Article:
The council press release also included the claim that Brick by Brick was “set up by the council in 2016”, which is clearly an attempt to knock a year off the slow-building company’s delivery time. Companies House records show it was registered a year earlier, with Richard Simpson, the council’s finance chief, the original director.

Colm Lacey: council employee and managing director of house-builder which has yet to build a home

But then Brick by Brick’s other projects, such as the £30million regeneration of Fairfield Halls (at least 15 months late and £10million over-run costs) and the New Addington Leisure Centre (due to open autumn 2018, now won’t open until 2020; original cost estimate: a pricy £17million, now likely to cost more than £25million) have hardly run according to schedule or budget, either.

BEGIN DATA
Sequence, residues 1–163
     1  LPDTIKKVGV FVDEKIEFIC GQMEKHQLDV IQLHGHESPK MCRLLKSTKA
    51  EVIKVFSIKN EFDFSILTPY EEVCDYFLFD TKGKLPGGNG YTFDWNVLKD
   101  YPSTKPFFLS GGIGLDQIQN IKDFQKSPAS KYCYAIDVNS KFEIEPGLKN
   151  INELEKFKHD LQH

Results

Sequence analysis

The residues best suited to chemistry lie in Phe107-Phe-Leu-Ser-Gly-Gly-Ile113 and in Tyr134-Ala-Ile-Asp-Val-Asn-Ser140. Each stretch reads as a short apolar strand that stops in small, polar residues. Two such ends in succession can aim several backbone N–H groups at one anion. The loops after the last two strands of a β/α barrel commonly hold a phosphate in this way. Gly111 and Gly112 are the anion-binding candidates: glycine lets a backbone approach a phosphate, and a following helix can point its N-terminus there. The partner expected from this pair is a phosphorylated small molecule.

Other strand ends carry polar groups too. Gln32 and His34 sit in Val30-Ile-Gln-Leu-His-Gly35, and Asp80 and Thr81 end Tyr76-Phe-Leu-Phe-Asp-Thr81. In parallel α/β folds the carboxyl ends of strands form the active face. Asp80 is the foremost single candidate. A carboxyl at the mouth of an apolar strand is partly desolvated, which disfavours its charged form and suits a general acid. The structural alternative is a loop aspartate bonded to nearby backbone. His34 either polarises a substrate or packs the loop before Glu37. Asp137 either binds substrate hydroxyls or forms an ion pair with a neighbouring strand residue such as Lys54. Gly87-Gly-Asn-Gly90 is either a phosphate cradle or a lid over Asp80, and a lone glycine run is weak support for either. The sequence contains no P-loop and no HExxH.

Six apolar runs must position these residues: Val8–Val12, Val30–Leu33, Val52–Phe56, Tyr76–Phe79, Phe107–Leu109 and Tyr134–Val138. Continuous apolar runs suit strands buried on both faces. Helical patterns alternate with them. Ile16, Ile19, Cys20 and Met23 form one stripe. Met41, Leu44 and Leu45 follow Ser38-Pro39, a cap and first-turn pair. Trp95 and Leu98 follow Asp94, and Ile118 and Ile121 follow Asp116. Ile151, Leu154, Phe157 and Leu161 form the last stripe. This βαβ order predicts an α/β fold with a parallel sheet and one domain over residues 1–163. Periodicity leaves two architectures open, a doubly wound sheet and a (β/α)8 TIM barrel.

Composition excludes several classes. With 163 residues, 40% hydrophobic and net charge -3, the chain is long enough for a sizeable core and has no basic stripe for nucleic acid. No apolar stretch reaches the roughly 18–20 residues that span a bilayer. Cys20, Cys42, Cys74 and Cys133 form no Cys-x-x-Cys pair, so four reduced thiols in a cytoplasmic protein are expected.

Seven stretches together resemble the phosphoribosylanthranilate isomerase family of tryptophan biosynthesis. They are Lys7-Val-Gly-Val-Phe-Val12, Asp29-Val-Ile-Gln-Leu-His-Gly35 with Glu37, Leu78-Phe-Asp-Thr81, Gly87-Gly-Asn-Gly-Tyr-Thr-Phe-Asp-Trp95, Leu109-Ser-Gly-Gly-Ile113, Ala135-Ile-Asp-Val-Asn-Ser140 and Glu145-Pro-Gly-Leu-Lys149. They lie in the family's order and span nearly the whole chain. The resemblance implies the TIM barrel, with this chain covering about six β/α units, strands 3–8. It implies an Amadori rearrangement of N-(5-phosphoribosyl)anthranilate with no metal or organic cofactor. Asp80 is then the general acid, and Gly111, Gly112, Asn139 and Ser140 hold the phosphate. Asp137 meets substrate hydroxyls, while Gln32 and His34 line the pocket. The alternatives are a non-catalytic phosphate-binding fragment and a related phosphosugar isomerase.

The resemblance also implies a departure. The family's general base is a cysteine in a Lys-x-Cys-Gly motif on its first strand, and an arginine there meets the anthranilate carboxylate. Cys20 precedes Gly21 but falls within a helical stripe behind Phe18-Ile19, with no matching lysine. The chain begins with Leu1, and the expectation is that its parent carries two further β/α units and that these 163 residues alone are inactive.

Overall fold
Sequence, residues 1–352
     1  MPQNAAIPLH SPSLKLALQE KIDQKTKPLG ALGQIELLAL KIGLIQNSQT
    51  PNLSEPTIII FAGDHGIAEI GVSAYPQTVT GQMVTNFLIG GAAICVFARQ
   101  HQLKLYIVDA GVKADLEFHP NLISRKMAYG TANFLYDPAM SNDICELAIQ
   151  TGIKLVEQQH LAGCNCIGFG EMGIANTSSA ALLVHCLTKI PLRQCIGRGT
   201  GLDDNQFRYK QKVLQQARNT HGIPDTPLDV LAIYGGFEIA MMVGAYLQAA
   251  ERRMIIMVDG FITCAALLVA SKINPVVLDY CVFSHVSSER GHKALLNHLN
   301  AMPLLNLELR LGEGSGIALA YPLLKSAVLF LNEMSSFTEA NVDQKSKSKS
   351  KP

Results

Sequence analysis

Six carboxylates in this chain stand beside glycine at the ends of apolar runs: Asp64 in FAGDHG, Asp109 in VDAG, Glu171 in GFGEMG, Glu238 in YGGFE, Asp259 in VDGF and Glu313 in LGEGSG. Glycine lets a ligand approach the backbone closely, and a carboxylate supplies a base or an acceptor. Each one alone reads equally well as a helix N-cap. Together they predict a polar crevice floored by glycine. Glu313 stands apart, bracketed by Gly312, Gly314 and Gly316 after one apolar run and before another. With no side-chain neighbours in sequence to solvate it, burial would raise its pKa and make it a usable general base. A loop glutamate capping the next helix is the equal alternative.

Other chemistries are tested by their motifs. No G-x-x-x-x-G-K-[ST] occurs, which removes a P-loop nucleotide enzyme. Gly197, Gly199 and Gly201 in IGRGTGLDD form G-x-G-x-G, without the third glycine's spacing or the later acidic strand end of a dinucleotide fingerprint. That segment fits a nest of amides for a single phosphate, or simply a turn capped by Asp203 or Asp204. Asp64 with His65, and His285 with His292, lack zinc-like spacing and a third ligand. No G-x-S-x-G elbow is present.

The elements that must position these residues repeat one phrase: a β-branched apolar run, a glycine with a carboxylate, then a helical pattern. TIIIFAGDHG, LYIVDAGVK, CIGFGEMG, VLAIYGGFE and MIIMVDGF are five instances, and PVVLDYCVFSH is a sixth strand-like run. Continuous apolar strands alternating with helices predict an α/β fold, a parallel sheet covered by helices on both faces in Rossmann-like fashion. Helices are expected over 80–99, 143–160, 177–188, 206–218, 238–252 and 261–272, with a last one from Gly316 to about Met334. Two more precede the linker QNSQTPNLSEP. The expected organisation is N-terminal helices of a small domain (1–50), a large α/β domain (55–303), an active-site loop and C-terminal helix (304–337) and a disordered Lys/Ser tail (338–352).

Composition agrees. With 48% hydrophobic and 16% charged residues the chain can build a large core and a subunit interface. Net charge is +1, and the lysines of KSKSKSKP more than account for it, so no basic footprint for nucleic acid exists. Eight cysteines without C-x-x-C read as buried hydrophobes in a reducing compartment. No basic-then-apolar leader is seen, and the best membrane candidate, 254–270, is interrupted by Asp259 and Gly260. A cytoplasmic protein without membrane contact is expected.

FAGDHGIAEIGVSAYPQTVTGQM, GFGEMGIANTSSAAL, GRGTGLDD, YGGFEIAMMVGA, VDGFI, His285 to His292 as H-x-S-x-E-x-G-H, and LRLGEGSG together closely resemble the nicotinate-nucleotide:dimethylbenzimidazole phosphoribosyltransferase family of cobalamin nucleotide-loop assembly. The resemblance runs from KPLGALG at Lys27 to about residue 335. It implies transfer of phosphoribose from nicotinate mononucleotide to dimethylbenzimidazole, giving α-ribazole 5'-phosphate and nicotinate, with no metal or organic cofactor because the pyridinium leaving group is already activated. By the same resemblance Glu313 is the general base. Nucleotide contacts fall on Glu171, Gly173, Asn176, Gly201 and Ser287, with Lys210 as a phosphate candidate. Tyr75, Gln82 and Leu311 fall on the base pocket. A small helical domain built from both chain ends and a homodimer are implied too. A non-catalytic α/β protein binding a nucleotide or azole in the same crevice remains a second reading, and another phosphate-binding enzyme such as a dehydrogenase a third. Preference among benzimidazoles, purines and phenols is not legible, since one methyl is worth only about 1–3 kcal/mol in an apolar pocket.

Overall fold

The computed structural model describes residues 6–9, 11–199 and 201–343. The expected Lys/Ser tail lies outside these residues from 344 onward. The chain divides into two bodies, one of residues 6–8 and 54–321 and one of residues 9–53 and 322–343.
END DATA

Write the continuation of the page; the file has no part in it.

“We are absolutely delighted to win this prestigious award,” champion log-roller Colm Lacey was quoted as saying in the council press release.

“We have worked closely with local residents,” Lacey claimed, apparently without any hint of shame, “and a variety of award-winning architects to put together to plan and deliver the highest quality housing for Croydon residents.”

Despite having failed to deliver a single new home in four years, perhaps Lacey was entitled to be flushed with success, though. The AJ Architecture Awards Masterplan category was, suitably, sponsored by toilet manufacturers Roca.

About insidecroydon